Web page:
Leaving Venezuela

At 15, I had to leave my country and start over. Soccer, music, and kind teachers helped me adjust.

by Laya Yagersys

I grew up in Caracas, the capital of Venezuela. My house was surrounded by a garden full of orchids and a parrot who called out my name. I often sat there and thought, I wouldn’t want to live anywhere else.

One of my favorite sights is Caracas at night; the city lights look like they sit upon the mountains in the horizon, like ornaments on a Christmas tree. Some mornings, a sunrise of yellow and orange reflects off the green mountains; it looks like a painting in a museum.

But seven years ago, longtime president Hugo Chavez died. That’s when my country began to change and darken, and the sunrises and mountaintops did not seem so bright.

A Different Venezuela

Over the next few years, protests flamed up as politicians battled for control of the country. In April 2017, millions marched through Caracas to voice their anger over the erosion of democracy in Venezuela.

At the same time, medicine became inaccessible for many Venezuelans and there were severe shortages of food. Sometimes we had to stand in line for more than six hours for rice, meat, or cheese. There were also blackouts, violence, and unemployment. I didn’t feel safe. Diseases like malaria became a threat. Many Venezuelans began to leave.

A lot of my teachers left. When I went to school, I often sat in classes where we didn’t do anything. There were even hospitals without doctors—or if there were doctors, the hospitals were missing necessities like medication.

My father was in the construction business and although my mother didn’t work, we made ends meet. But my father didn’t like that my brother and I were no longer getting a proper education and that we couldn’t get proper medical care in case of emergency. He wanted my little brother and me to have a better future and not live in fear of crime, or pain and suffering.

Change Is Coming

One night, I was doing my homework when I heard my parents talking about a trip. They called my brother and me into the living room, and they looked worried, which scared me.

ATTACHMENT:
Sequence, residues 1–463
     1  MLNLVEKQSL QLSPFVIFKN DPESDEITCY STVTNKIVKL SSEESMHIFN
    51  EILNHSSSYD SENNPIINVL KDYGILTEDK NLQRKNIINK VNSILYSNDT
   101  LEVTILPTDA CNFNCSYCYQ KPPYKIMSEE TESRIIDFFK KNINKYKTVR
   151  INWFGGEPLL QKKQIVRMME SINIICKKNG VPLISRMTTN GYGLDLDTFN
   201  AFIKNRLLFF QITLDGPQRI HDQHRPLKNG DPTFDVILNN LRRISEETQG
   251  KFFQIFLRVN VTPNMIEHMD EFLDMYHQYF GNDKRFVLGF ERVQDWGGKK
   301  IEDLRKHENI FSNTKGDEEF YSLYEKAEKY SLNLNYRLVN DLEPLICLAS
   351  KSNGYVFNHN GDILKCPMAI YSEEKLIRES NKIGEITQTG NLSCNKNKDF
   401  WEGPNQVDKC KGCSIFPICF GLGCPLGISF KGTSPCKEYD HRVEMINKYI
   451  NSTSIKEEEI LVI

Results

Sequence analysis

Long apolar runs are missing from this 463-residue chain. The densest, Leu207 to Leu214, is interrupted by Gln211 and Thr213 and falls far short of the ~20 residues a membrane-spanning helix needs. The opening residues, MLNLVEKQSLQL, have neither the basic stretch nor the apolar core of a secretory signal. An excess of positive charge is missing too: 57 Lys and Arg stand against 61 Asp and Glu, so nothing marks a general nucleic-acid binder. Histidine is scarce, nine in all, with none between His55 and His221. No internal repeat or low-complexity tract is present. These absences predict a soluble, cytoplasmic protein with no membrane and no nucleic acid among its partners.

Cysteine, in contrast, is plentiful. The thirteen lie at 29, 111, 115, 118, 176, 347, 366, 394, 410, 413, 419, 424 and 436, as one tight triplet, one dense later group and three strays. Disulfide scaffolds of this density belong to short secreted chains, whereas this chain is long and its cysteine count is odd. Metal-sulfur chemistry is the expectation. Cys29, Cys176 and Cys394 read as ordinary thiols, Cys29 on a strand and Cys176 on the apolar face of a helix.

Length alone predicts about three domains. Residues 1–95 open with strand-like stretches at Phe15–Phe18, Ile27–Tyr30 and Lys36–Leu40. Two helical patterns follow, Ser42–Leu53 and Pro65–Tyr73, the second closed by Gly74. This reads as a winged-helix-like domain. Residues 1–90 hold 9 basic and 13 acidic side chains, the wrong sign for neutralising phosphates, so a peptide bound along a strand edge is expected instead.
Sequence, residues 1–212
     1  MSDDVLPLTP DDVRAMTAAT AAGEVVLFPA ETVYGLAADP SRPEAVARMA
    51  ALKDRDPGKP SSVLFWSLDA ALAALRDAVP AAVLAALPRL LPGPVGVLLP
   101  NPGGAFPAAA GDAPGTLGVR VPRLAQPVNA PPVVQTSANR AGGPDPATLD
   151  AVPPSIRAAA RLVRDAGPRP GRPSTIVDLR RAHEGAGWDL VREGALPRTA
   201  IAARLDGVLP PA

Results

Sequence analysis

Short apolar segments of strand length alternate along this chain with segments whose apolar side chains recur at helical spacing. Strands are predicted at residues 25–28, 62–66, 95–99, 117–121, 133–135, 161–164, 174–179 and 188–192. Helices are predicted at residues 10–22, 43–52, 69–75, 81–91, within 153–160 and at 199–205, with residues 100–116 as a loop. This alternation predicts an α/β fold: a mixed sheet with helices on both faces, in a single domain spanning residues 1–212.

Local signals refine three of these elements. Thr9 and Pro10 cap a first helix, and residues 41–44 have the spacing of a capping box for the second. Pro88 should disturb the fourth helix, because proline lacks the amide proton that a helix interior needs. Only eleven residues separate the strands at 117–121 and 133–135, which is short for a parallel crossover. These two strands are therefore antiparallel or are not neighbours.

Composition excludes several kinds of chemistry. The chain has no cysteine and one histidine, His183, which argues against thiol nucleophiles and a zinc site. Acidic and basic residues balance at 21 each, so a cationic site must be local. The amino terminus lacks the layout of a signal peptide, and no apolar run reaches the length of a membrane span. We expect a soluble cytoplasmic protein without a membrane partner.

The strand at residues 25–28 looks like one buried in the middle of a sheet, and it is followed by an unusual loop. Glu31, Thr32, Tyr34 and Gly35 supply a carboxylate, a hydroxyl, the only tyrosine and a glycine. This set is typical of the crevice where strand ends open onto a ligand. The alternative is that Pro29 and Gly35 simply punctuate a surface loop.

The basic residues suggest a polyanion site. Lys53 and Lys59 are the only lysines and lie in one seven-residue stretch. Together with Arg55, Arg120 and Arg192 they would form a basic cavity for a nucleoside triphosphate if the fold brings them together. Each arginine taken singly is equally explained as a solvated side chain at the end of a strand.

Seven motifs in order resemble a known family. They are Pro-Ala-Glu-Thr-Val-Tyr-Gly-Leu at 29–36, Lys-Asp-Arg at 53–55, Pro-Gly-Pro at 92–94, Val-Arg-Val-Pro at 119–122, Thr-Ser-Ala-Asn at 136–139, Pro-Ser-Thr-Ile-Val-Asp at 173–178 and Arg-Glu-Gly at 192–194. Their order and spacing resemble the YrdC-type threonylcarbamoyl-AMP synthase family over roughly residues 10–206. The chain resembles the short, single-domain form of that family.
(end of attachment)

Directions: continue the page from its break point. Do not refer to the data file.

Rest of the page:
“The situation is worsening, and we are moving to the U.S. where it is safer,” my father said.

“I don’t know English. How will I go to school? I’m about to finish high school,” I said. I knew he was right but I didn’t want to leave. I felt many emotions—anger, fear, confusion, and sadness.

“You’re young! Just 15 years old and you don’t have to worry about that,” he told me.

But of course I was worried. A giant change was coming.

After that, I cried every day, trying to convince my parents to change their minds. Of course it didn’t work. My little brother took the news better, but he wasn’t a teenager about to leave everything for a new life. I felt lonely and empty inside.

Saying Goodbye

A week before my trip, my friends threw me a farewell party. They let me know that I could count on their friendship despite the distance.

That same night I said goodbye to my older brother, who lives with his partner and his son. We talked and played our favorite soccer video game FIFA. When he had to go, I went to my room to cry. He came in, hugged me, and whispered: “We will see each other again.” Then I heard him leave.

Soccer Becomes My Best Friend

Before heading to the U.S., we spent three months in the Dominican Republic so we could visit my grandmother. This detour was a good distraction, as I didn’t think so much about the changes in my life.

What helped me relax the most was soccer. Ever since I watched the 2014 World Cup in Brazil, the game has been a part of me. In the Dominican Republic, soccer was like my best friend. It was an escape, a distraction from everything that happened and the uncertain future ahead. It was just me and the ball in my grandmother’s backyard.

When it was time to leave for the U.S., it hit me that I would not return to Venezuela. That made me feel sad, like a vacuum inside of me was sucking away my joy.